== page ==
“Forget about Coca-Cola and Pepsi-Cola. Forget about them. We’ll keep bottling something that looks like them, but we don’t have the formulae. The Yankee Capitalists took them. You can keep drinking the stuff if you want, but it’s never going to taste the same.”
— Che Guevara, “Waiting For Snow In Havana” by Carlos Eire
In Carlos Eire’s book, he talks about his time as a child growing up during Cuba’s communist revolution and his eventual escape from the island. In particular, he describes a figure many have transformed into an icon today — Che Guevara.
For Eire, this wasn’t just a figure on a poster or the face of a movement. Che “the human being” lived in a mansion right up the street.
Che also killed Eire’s relatives, stole his family’s money, and confiscated the businesses and properties of people he knew. Eire never saw the icon on the poster, he saw the real man who did terrible real-world things to make his visions come true. Eire has a poignant way of summing this all up in his book.
“Still, all of us are responsible for our own actions. Not even Fidel is exempt from all this. Nor Che, nor his chauffeurs, nor his mansion. Nor the many Cubans who soiled their pants before they were shot to death. Nor the fourteen thousand children who flew away from their parents. Nor the love and desperation that caused them to fly.”
Eire was one of the many children sent away from the island to escape the madness and possible death sentence. The family who ran Cawy also escaped without a penny in their pockets. This was the soda bottling plant Che spoke of in the beginning of the article.
Che just assumed if he got all the family’s equipment and building, he’d create the same things they did — just that easy. As Eire points out, it never happened.
The only thing Che managed to do was to make every can taste different, but all somehow managed to be undrinkable and it never got better. Eire switched to seltzer water because it was the only thing the revolutionaries couldn’t screw up.
However, Che did much more than just make sodas. He also was put in charge of Cuba’s banking system. What did he know about banking?
Not a damn thing, but it didn’t stop him from thinking he did or could run businesses. It makes one think of the popular psychological concept called the Dunning Kruger Effect.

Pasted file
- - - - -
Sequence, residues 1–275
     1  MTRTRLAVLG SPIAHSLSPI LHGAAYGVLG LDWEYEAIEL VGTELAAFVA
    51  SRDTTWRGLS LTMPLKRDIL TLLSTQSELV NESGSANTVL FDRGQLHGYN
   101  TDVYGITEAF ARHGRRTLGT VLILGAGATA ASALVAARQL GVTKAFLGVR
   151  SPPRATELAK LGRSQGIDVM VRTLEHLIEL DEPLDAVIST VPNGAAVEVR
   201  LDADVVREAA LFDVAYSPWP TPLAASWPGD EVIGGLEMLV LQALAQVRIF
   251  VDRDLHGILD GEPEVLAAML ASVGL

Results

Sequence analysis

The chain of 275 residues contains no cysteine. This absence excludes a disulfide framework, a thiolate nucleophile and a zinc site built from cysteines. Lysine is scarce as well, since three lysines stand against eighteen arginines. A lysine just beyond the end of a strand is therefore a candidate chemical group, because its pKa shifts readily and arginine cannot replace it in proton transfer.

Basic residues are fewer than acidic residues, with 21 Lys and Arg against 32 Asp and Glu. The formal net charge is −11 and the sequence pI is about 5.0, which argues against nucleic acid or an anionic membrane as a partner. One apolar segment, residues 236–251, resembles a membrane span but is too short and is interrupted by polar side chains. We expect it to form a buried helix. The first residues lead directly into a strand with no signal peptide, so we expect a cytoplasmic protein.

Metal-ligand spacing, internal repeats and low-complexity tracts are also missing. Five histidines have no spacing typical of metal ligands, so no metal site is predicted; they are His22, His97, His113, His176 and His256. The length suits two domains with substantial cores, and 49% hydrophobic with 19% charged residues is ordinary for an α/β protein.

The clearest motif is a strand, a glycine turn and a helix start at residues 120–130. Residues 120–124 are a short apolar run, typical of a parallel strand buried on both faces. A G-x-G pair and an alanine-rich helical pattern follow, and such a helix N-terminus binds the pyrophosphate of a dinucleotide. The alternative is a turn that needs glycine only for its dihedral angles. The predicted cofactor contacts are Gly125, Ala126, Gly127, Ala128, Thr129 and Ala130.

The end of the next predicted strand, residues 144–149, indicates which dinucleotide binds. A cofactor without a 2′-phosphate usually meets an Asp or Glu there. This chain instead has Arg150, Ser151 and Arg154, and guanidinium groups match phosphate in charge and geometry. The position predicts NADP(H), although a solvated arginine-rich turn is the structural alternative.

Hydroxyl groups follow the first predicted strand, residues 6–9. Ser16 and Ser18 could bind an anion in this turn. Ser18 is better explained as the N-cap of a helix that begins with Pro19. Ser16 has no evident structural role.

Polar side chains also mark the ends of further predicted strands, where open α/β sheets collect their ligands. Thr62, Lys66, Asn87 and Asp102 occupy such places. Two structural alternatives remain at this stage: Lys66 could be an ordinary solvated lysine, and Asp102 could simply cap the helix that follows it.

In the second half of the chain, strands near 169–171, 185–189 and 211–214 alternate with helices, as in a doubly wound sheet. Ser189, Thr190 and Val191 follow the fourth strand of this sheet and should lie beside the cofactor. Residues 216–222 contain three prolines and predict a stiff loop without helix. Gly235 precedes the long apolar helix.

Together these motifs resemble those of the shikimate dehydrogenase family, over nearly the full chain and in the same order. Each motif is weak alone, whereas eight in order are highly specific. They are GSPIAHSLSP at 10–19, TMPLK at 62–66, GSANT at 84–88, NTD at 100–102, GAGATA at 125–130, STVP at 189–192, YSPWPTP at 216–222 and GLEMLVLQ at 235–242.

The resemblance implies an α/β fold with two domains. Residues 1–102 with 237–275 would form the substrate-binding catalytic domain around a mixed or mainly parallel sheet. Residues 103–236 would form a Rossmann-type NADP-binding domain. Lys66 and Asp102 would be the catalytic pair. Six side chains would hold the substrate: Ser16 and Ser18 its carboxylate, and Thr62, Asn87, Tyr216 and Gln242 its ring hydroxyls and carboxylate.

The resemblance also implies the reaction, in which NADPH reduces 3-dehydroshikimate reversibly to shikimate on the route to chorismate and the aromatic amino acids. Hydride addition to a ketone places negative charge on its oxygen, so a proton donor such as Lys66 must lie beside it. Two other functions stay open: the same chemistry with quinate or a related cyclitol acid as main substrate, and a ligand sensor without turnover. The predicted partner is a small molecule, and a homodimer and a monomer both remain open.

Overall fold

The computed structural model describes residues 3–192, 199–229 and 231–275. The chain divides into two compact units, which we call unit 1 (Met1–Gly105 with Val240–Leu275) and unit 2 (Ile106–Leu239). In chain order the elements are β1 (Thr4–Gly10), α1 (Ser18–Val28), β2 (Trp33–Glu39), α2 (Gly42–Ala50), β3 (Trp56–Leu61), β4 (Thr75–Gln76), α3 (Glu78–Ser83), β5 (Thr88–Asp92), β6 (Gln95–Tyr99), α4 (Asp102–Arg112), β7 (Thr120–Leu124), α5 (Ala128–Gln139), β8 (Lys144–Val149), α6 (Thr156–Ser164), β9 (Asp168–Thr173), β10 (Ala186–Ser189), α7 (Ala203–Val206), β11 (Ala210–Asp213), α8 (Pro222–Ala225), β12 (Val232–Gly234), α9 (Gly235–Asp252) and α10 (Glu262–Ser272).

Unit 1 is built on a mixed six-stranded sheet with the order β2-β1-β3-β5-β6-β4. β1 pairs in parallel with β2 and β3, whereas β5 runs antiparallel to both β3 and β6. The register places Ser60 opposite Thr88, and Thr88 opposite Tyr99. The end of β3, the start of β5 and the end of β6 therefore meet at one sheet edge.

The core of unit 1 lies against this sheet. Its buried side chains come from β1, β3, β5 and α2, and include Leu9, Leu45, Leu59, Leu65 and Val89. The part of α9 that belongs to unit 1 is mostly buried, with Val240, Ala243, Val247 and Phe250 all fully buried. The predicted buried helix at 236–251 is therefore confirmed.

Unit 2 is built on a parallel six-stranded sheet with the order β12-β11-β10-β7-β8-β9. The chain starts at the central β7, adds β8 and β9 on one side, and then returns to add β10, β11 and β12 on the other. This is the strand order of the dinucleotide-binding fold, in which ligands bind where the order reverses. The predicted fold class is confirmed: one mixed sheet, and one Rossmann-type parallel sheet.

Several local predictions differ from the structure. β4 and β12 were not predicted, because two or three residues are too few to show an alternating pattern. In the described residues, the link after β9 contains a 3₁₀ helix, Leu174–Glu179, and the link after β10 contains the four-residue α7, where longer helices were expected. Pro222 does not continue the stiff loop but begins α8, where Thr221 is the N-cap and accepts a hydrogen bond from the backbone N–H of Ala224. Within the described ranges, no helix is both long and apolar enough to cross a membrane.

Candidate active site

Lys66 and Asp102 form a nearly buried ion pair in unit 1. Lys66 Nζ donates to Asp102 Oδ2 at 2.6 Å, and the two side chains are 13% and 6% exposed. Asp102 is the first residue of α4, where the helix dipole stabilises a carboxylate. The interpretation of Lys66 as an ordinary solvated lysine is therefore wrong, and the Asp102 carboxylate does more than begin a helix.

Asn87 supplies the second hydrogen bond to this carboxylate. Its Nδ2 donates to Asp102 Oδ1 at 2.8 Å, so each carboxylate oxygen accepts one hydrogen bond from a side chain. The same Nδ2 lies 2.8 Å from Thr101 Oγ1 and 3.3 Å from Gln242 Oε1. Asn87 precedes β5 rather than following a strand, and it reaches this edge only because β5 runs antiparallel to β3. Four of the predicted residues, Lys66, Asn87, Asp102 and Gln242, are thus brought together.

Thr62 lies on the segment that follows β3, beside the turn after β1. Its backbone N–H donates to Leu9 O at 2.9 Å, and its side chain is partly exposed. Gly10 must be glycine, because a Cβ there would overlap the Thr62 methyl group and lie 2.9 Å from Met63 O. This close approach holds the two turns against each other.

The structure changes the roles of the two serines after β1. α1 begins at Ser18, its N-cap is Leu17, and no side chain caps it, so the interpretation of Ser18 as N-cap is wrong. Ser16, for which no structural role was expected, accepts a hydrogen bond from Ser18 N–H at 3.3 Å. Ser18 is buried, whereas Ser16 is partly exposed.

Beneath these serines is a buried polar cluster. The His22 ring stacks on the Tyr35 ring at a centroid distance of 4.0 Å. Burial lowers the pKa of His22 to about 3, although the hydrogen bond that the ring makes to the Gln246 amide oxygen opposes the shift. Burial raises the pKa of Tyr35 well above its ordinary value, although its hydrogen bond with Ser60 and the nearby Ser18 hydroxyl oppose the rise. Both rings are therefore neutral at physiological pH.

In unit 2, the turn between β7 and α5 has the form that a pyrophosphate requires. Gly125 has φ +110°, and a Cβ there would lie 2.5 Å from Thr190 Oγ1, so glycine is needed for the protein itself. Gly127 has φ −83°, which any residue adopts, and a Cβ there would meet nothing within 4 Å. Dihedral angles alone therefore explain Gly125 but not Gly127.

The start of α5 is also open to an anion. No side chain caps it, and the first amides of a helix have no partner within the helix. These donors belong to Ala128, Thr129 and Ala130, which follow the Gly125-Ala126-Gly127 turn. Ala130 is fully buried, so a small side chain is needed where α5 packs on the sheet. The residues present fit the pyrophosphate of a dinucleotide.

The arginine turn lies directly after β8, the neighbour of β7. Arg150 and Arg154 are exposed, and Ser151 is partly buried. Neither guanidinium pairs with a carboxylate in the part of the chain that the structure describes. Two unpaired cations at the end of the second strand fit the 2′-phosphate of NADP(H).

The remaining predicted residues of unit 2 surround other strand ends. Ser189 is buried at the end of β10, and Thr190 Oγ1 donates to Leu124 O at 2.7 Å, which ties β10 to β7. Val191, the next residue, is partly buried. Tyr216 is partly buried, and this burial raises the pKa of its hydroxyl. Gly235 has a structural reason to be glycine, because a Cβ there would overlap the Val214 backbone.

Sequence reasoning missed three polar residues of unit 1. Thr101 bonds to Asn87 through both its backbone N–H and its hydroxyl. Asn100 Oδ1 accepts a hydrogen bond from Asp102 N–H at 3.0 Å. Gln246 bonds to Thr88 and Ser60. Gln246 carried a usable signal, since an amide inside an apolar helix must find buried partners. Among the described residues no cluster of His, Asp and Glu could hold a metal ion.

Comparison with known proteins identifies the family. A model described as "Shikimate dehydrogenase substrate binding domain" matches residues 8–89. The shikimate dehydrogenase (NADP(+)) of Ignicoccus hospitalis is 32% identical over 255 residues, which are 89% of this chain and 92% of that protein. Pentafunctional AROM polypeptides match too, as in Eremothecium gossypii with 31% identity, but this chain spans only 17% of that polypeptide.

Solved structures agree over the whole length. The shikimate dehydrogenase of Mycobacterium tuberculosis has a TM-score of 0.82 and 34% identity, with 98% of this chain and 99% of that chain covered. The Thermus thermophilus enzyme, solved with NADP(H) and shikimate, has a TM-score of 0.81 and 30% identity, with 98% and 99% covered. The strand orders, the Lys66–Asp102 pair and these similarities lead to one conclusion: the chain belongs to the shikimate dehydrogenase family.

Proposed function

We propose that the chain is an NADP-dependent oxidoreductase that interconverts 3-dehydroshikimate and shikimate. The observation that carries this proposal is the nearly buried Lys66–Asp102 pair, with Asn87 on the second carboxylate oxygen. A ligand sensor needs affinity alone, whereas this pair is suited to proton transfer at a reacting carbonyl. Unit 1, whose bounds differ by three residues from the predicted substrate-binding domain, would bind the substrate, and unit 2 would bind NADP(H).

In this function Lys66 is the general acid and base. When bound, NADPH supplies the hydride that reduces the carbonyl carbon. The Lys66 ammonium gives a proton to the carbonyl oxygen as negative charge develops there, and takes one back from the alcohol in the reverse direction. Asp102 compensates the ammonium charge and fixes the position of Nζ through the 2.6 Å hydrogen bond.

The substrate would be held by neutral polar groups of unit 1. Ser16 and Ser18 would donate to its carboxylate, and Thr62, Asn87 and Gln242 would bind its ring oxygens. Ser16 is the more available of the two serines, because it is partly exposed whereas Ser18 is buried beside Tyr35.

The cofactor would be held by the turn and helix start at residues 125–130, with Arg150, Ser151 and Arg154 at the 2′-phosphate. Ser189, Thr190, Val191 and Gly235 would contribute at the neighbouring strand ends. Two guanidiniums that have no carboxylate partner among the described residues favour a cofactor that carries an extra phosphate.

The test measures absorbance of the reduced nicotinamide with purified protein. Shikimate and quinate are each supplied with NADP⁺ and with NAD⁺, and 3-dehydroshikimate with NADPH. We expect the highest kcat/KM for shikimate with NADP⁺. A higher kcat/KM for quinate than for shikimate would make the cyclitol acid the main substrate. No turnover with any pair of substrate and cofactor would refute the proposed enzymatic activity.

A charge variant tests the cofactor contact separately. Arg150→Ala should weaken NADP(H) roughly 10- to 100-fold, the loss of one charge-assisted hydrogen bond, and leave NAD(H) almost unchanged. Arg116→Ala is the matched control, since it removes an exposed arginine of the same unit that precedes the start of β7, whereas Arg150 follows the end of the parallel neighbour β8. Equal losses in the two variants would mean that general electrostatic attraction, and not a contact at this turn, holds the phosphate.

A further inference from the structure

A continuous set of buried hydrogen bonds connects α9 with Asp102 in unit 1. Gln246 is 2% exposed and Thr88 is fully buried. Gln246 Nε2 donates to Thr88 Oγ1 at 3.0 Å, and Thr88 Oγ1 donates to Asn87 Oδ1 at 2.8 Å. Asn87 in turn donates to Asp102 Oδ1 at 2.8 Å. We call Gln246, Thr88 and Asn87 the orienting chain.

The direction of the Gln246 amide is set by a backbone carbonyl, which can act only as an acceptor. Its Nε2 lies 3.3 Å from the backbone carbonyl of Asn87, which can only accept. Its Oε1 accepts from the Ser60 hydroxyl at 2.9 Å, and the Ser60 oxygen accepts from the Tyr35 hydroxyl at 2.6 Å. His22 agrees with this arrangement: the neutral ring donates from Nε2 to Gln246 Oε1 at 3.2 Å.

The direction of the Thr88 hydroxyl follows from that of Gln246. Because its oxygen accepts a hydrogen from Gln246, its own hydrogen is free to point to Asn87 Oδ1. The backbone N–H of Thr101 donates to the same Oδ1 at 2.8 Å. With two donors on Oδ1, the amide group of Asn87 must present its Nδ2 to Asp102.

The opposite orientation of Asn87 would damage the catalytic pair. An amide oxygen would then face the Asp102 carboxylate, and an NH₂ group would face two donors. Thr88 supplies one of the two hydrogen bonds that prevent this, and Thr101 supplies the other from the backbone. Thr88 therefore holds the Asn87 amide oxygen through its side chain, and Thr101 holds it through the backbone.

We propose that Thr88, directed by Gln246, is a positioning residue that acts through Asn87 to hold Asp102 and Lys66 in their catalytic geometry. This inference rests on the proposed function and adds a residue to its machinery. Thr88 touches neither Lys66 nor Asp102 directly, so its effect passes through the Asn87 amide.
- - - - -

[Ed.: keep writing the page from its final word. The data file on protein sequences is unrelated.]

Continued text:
“Coined in 1999 by then-Cornell psychologists David Dunning and Justin Kruger, the eponymous Dunning-Kruger Effect is a cognitive bias whereby people who are incompetent at something are unable to recognize their own incompetence. And not only do they fail to recognize their incompetence, they’re also likely to feel confident that they actually are competent.”
— Mark Murphy, Forbes Magazine
In an amazing CNBC article by Michelle Caruso-Cabrera, she describes a meeting in 1980 between Fidel Castro and an American banker Bill Rhodes of Citibank.
At this time Cuba was under a terrible financial burden. They had borrowed lots of money from European and Canadian banks but couldn’t pay it back. Fidel was in such a bind, he reached out to the last person he wanted to ask for help — an American banker.
In the meeting set up by Nicaraguan leader Daniel Ortega, Fidel would make some startling admissions. First, he’d admit throwing the International Monetary Fund (IMF) out of Cuba was a big mistake.
Second, he’d say not joining the World Bank and the Inter-American Development Bank were poor decisions. Finally, he’d say he should have never put Che in charge of Cuba’s banking system.
“Why I ever did that, I don’t know, because obviously Che Guevara knew nothing about finance and banking. I put him in there because I guess I trusted him. But it was a mistake.”
Guevara was educated and well-traveled. However, his travels and studies only reinforced his ideas. Nothing he saw ever caused him to question what he was doing.
Not even his disastrous intervention in Cuban banking or the failures when he attempted to run nationalized businesses altered his view. The cognitive bias shown by the revolutionary dovetails well with the Dunning-Kruger Effect.
“You can keep drinking the stuff if you want, but it’s never going to taste the same,” was a good way to sum up his attempts to manage things he was clueless about. If he was in charge and the organizations were in the hands of “the people” they were good — even if they didn’t work.